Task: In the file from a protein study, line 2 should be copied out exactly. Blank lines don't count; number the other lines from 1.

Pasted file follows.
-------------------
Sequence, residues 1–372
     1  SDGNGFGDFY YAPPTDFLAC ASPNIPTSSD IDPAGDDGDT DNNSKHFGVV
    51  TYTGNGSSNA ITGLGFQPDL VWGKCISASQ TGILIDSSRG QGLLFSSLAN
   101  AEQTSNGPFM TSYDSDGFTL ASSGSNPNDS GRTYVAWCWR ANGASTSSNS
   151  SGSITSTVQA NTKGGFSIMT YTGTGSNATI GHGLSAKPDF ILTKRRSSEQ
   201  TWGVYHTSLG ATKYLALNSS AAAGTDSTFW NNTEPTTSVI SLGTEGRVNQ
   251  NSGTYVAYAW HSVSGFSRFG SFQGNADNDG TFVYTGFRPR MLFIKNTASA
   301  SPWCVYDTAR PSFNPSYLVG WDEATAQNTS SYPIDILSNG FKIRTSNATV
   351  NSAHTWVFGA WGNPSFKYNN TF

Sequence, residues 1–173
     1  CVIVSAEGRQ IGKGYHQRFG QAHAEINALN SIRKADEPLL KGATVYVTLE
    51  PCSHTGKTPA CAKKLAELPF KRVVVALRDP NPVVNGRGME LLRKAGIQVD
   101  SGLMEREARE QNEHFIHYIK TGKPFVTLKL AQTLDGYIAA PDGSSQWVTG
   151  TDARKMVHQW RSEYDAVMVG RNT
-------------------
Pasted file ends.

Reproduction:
     1  SDGNGFGDFY YAPPTDFLAC ASPNIPTSSD IDPAGDDGDT DNNSKHFGVV